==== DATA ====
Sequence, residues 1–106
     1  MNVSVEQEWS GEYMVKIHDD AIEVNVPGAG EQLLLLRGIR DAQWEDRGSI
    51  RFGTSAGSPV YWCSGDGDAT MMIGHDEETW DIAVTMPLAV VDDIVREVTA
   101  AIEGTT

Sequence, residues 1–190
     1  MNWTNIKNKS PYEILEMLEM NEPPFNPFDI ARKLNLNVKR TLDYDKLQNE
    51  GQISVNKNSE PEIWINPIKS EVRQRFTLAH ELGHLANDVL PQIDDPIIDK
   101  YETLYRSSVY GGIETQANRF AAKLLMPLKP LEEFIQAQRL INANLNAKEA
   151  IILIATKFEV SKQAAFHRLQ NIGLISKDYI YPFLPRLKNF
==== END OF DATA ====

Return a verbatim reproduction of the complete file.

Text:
Sequence, residues 1–106
     1  MNVSVEQEWS GEYMVKIHDD AIEVNVPGAG EQLLLLRGIR DAQWEDRGSI
    51  RFGTSAGSPV YWCSGDGDAT MMIGHDEETW DIAVTMPLAV VDDIVREVTA
   101  AIEGTT

Sequence, residues 1–190
     1  MNWTNIKNKS PYEILEMLEM NEPPFNPFDI ARKLNLNVKR TLDYDKLQNE
    51  GQISVNKNSE PEIWINPIKS EVRQRFTLAH ELGHLANDVL PQIDDPIIDK
   101  YETLYRSSVY GGIETQANRF AAKLLMPLKP LEEFIQAQRL INANLNAKEA
   151  IILIATKFEV SKQAAFHRLQ NIGLISKDYI YPFLPRLKNF